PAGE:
1. 1. M Mozaffari Legha et al Int. Journal of Engineering Research and Application ISSN : 2248-9622, Vol. 3, Issue 6, Nov-Dec 2013, pp.228-233 RESEARCH ARTICLE www.ijera.com OPEN ACCESS Capacitor Placement in Radial Distribution System for Improve Network Efficiency Using Artificial Bee Colony Mahdi Mozaffari Legha 1, Marjan Tavakoli 2, Farzaneh Ostovar3, Milad Askari Hashemabadi4 1 Department of Power Engineering, Jiroft Branch, Islamic Azad University, Iran Department of Power Engineering, Jiroft Branch, Islamic Azad University, Iran 3 Department of Power Engineering, Shadegan Branch, Islamic Azad University, Iran 4 Department of Power Engineering, Islamic Azad University of science and Research Kerman branch, Iran 2 Abstract Increasing application of capacitor banks on distribution networks is the direct impact of development of technology and the energy disasters that the world is encountering. To obtain these goals the resources capacity and the installation place are of a crucial importance. In this paper a new method is proposed to find the optimal and simultaneous place and capacity of these resources to reduce losses, improve voltage profile. The advantage of ABC algorithm is that it does not require external parameters such as cross over rate and mutation rate as in case of genetic algorithm and differential evolution and it is hard to determine these parameters in prior. To demonstrate the validity of the proposed algorithm, computer simulations are carried out on actual power network of Kerman Province, Iran and the simulation results are presented and discussed. Keywords: Distribution systems, Loss Sensitivity Factors, Capacitor placement, Artificial Bee Colony Algorithm I. Introduction The loss minimization in distribution systems has assumed greater significance recently since the trend towards distribution automation will require the most efficient operating scenario for economic viability variations. The power losses in distribution systems correspond to about 70% of total losses in electric power systems (2005). To reduce these losses, shunt capacitor banks are installed on distribution primary feeders. The advantages with the addition of shunt capacitors banks are to improve the power factor, feeder voltage profile, Power loss reduction and increases available capacity of feeders. Therefore it is important to find optimal location and sizes of capacitors in the system to achieve the above mentioned objectives. Since, the optimal capacitor placement is a complicated combinatorial optimization problem, many different optimization techniques and algorithms have been proposed in the past. H. Ng et al (2000) proposed the capacitor placement problem by using fuzzy approximate reasoning. Sundharajan and Pahwa (1994) proposed the genetic algorithm approach to determine the optimal placement of capacitors based on the mechanism of natural selection. Ji-Pyng Chiou et al (2006) proposed the variable scale hybrid differential evolution algorithm for the capacitor placement in distribution system. Both Grainger et al (1981) and Baghzouz and Ertem (1990) proposed the concept that the size of capacitor banks was considered as a continuous variable. Bala et al (1995) presented a sensitivity-based method to solve the optimal capacitor placement problem. www.ijera.com In this paper a new method is proposed to find the optimal and simultaneous place and capacity of these resources to reduce losses, improve voltage profile. The artificial bee colony algorithm is a new meta heuristic approach, proposed by Karaboga [9][11]. It is inspired by the intelligent foraging behavior of honey bee swarm. The proposed method is tested on actual power network of Kerman Province, Iran and the simulation results are presented and discussed. II. Objective function The objective of capacitor placement in the distribution system is to minimize the annual cost of the system, subjected to certain operating constraints and load pattern. For simplicity, the operation and maintenance cost of the capacitor placed in the distribution system is not taken into consideration. The three-phase system is considered as balanced and loads are assumed as time invariant. Mathematically, the objective function of the problem is described as: Where COST includes the cost of power loss and the capacitor placement, and will be discussed further later. λ is a penalty function and ( V 2) min is the squared sum of the violated voltage constraint. Moreover, the penalty function satisfies the following properties: (1) If the voltage constraint is not violated, λ =0; (2) If the constraint is violated, a significant penalty is imposed to cause the objective function to move away from the undesirable solution. 228 | P a g e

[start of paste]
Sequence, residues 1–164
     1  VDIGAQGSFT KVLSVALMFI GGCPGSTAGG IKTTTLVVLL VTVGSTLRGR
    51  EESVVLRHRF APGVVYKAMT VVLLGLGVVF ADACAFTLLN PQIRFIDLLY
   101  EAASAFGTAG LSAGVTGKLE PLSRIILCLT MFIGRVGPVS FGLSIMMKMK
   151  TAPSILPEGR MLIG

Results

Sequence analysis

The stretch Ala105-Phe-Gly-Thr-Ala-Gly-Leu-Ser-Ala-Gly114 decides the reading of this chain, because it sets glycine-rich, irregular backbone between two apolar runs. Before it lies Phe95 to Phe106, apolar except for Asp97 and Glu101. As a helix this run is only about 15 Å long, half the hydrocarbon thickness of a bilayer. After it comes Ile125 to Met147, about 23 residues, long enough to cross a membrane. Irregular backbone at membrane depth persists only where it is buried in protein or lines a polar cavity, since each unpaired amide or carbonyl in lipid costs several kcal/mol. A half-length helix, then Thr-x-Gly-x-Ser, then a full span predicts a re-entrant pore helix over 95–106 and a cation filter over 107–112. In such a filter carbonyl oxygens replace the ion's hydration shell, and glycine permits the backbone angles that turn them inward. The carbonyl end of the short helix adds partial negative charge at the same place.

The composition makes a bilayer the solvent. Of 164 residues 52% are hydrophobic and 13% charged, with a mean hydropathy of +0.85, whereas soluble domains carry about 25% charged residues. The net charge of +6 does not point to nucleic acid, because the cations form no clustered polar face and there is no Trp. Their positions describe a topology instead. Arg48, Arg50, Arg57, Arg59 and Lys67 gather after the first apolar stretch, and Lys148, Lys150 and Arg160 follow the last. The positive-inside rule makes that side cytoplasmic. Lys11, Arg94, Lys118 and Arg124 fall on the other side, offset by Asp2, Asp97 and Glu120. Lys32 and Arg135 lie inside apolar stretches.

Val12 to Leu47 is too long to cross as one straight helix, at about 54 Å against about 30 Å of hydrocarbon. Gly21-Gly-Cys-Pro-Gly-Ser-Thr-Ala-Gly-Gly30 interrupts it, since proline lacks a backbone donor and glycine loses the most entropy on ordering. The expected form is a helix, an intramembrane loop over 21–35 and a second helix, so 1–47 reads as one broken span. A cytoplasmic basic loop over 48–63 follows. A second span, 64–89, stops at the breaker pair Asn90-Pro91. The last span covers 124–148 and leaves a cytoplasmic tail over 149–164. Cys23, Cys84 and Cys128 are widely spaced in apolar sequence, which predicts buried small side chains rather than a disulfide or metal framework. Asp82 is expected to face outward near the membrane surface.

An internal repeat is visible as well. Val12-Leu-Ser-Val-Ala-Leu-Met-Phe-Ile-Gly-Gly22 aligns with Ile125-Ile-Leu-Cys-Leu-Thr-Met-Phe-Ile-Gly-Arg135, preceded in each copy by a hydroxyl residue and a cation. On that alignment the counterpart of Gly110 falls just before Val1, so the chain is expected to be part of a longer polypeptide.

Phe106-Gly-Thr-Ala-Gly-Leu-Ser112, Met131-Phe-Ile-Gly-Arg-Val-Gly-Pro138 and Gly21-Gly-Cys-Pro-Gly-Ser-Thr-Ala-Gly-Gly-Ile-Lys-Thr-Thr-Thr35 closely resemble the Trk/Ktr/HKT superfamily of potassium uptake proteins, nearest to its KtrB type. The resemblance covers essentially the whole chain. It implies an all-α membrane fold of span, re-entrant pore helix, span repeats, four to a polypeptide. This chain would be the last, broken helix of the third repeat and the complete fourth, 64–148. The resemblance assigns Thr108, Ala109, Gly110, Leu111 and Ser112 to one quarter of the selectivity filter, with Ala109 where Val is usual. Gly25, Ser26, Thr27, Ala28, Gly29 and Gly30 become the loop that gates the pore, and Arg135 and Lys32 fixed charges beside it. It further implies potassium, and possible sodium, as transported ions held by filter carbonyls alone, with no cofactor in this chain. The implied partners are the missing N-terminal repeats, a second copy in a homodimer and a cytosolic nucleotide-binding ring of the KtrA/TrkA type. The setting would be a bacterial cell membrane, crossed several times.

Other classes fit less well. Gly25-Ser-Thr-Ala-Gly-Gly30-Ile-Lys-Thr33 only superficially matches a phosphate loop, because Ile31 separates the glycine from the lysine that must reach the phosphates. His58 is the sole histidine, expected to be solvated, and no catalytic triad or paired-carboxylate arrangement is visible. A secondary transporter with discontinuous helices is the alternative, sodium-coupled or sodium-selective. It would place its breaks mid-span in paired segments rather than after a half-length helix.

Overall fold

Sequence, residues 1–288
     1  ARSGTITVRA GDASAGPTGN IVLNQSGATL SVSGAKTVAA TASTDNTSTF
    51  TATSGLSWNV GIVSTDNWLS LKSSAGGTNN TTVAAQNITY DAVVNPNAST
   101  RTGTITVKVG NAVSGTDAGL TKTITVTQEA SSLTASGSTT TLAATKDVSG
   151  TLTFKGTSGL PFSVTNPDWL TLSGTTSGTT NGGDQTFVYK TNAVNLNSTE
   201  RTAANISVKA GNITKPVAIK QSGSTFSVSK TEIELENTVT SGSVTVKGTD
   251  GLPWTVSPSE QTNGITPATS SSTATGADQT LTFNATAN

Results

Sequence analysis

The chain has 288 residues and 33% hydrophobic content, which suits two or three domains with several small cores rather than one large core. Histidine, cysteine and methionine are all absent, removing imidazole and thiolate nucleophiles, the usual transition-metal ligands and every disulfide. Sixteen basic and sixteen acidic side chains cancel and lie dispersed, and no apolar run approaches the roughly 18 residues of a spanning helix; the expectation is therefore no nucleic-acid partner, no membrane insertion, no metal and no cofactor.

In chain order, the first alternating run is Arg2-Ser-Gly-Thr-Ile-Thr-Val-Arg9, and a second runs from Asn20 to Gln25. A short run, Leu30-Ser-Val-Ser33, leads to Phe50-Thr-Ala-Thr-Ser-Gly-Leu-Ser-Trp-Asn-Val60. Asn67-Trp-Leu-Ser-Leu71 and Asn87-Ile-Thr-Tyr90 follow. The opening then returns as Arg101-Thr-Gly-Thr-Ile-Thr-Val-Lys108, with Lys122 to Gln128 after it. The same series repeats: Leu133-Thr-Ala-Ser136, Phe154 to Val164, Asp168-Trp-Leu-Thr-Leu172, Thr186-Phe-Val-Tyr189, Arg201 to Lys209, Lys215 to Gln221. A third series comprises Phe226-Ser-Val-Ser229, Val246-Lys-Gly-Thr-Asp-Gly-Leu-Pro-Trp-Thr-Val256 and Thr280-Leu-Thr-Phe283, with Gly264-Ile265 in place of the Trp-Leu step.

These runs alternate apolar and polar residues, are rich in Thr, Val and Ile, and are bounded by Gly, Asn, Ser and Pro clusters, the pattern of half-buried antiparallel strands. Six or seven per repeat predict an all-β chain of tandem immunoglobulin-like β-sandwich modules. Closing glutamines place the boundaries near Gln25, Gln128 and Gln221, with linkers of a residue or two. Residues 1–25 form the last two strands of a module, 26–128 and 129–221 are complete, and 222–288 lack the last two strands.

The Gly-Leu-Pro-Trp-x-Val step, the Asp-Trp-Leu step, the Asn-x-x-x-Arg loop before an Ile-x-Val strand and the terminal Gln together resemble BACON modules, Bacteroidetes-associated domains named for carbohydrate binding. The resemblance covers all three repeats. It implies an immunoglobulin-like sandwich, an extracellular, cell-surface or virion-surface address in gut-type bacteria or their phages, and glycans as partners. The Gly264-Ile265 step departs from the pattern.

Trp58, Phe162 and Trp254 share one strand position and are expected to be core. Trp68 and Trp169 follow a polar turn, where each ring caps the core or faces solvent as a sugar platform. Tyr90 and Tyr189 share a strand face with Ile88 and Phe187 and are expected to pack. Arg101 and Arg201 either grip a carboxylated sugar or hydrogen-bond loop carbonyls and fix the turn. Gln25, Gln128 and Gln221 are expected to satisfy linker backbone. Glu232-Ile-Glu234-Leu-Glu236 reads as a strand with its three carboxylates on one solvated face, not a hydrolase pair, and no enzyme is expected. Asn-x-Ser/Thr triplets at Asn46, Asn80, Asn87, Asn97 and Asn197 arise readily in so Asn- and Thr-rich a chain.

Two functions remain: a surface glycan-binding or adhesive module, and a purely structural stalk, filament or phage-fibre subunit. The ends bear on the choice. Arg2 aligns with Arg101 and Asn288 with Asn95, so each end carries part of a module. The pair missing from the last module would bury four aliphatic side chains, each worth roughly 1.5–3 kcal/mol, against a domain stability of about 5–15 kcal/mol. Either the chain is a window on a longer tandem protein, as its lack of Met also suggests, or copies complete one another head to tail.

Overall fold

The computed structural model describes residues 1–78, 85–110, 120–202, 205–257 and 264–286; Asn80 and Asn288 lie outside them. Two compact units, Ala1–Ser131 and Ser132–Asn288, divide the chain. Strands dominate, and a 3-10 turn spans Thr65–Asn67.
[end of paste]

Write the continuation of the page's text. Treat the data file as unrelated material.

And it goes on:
2. 2. M Mozaffari Legha et al Int. Journal of Engineering Research and Application ISSN : 2248-9622, Vol. 3, Issue 6, Nov-Dec 2013, pp.228-233 The voltage magnitude at each bus must be maintained within its limits and is expressed as: Where │Vi│ is the voltage magnitude of bus i, V min and Vmax are bus minimum and maximum voltage limits, respectively. III. www.ijera.com Where n is number of candidate locations for capacitor placement, Kp is the equivalent annual cost per unit of power loss in $/(kW-year); Kcf is the fixed cost for the capacitor placement. Constant is the annual capacitor installation cost, and, i = 1, 2, ... , n are the indices of the buses selected for compensation. The bus reactive compensation power is limited to Formulation The power flows are computed by the following set of simplified recursive equations derived from the single-line diagram depicted in Fig. 1. Where 1Qc and LQc are the reactive power compensated at bus i and the reactive load power at bus i, respectively. IV. Figure 1: Single line diagram of main feeder ( ) Where Pi and Qi are the real and reactive powers flowing out of bus i, and P Li and QLi are the real and reactive load powers at bus i. The resistance and reactance of the line section between buses i and i+1 are denoted by Ri,i+1 and Xi,i+1 respectively. The power loss of the line section connecting buses i and i+1 may be computed as The total power loss of the feeder, may then be determined by summing up the losses of all line sections of the feeder, which is given as Considering the practical capacitors, there exists a finite number of standard sizes which are integer multiples of the smallest size Q0 c. Besides, the cost per Kvar varies from one size to another. In general, capacitors of larger size have lower unit prices. The available capacitor size is usually limited to Power Flow Analysis Method The methods proposed for solving distribution power flow analysis can be classified into three categories: Direct methods, Backward-Forward sweep methods and Newton-Raphson (NR) methods. The Backward-Forward Sweep method is an iterative means to solving the load flow equations of radial distribution systems which has two steps. The Backward sweep, which updates currents using Kirchoff’s Current Law (KCL), and the Forward sweep, which updates voltage using voltage drop calculations [12]. The Backward Sweep calculates the current injected into each branch as a function of the end node voltages. It performs a current summation while updating voltages. Bus voltages at the end nodes are initialized for the first iteration. Starting at the end buses, each branch is traversed toward the source bus updating the voltage and calculating the current injected into each bus. These calculated currents are stored and used in the subsequent Forward Sweep calculations. The calculated source voltage is used for mismatch calculation as the termination criteria by comparing it to the specified source voltage. The Forward Sweep calculates node voltages as a function of the currents injected into each bus. The Forward Sweep is a voltage drop calculation with the constraint that the source voltage used is the specified nominal voltage at the beginning of each forward sweep. The voltage is calculated at each bus, beginning at the source bus and traversing out to the end buses using the currents calculated in previous the Backward Sweep [12]. Single line diagram of main feeder depicted in Fig. 2. Therefore, for each installation location, there are L capacitor sizes {1QC, 2Qc, 3Qc, …, LQc} available. Given the annual installation cost for each compensated bus, the total cost due to capacitor placement and power loss change is written as www.ijera.com 229 | P a g e